What Delayed Elections Mean for the Southern Philippines’ Bangsamoro Peace Process

The term of the interim Bangsamoro Transition Authority has been extended by three years, delaying parliamentary elections from 2022 to 2025. (Image Source: BARMM Parliament)

On 28 October, Philippine president Rodrigo Duterte signed a law postponing the first parliamentary elections in the Bangsamoro Autonomous Region in Muslim Mindanao (BARMM) from 2022 to 2025. The bill had been approved by lawmakers in the Senate and House of Representatives in September, after a year of campaigning from the Bangsamoro Transition Authority (BTA)—fronted by the former rebels of the Moro Islamic Liberation Front (MILF)—to extend their mandate to govern. Interim Chief Minister Al Haj Murad Ebrahim, in power since the region was formed in 2019, had argued that more time was needed to strengthen democratic institutions after setbacks amid the COVID-19 pandemic.

Yet delaying the elections is a risky move in a region plagued by separatist violence for generations. The process of decommissioning MILF rebels and their weapons is not yet complete, whilst Islamist militant groups remain a threat, despite being on the back foot and confined to operating in remote marshlands and outlying islands—for now at least. It is within this fragile peace, that the BTA strives to develop accountable governance and nurture a thriving democratic culture in the BARMM, while avoiding the failings of a past experiment in self-governance—the now-defunct Autonomous Region in Muslim Mindanao (ARMM), which from 1989–2019 was sunk by corruption and mismanagement.

Elections delayed

An extension to the Bangsamoro transition, initially set to end with elections in May 2022—at which time the BTA’s mandate would expire, and elected lawmakers would take office—was first proposed a year ago, with President Duterte supporting Ebrahim’s proposal to move the polls to 2025. Despite initial legislative progress and the passing of priority laws on forming a civil service and administering the BARMM, responding to COVID-19 came to dominate the BTA’s agenda and led to louder calls for an extension as the passage of other key laws on elections, revenue, and local politics were delayed.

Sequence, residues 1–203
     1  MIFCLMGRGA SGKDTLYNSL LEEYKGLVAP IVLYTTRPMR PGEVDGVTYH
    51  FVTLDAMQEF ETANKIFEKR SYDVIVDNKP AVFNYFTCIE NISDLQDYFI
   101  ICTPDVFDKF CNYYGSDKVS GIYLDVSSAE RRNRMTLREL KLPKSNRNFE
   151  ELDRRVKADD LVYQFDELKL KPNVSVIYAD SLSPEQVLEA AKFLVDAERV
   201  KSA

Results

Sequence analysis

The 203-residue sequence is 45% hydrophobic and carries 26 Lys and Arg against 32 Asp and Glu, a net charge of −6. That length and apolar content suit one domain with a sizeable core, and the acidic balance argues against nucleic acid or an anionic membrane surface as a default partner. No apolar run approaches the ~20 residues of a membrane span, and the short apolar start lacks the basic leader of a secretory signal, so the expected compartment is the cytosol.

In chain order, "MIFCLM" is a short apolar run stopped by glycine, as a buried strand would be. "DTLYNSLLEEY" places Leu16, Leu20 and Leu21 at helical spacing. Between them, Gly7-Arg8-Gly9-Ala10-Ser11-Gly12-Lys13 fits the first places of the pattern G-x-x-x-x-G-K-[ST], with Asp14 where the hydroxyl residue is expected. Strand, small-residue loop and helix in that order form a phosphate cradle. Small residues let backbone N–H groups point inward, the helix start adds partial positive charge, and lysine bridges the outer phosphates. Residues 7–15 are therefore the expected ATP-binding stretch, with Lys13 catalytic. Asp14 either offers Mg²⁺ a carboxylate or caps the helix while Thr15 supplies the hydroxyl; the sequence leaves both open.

Any extension required approval by Manila. After being debated for months by three committees of the Philippine House of Representatives—on Suffrage and Electoral Reforms, Muslim Affairs, and on Peace, Reconciliation, and Unity—the law to extend the Bangsamoro transition passed in the Senate on 6 September and in the House on 15 September, where 187 lawmakers voted in favor, with none  against and no abstentions. The bill amended Republic Act 11054 known as the Bangsamoro Organic Law (BOL), the legislation which had encoded the peace deal with the MILF and created the BARMM.

Approximately 40,000 Moro Islamic Liberation Front rebels are set to disarm in exchange for livelihood support. The process was delayed amid COVID-19. (Image Source: Mark Navales)

It means President Duterte can now appoint 80 new members of the BTA to assume office after the term of the current transitional authority expires next May. The appointees will govern the BARMM for a three-year term until the rescheduled 2025 polls. However, a provision of the BOL granting the MILF leadership of the region stays in place, meaning 41 of the BTA lawmakers must be members of the MILF, and will be nominated by its central committee. During a Senate debate on the law, it was suggested that the five BARMM provincial governors will play a role in selecting the other 39 places.

Rebel disarmament

Tied to the peace deal is the disarmament of MILF rebels. This process is not governed by the BOL, but by a precursor accord—the 2014 Comprehensive Agreement on the Bangsamoro (CAB). It was expected that the entire 40,000-strong contingent of the MILF’s Bangsamoro Islamic Armed Forces (BIAF) would be demobilized by mid-2022. By March 2020, the first two phases were complete, with 12,145 rebels demobilized and 2,175 weapons turned in. The pace then slowed to a trickle as COVID-19 arrived in the Philippines, with only another 1,500 fighters processed since. Demobilized fighters received initial cash handouts, but wider livelihood support programs have yet to be fully delivered.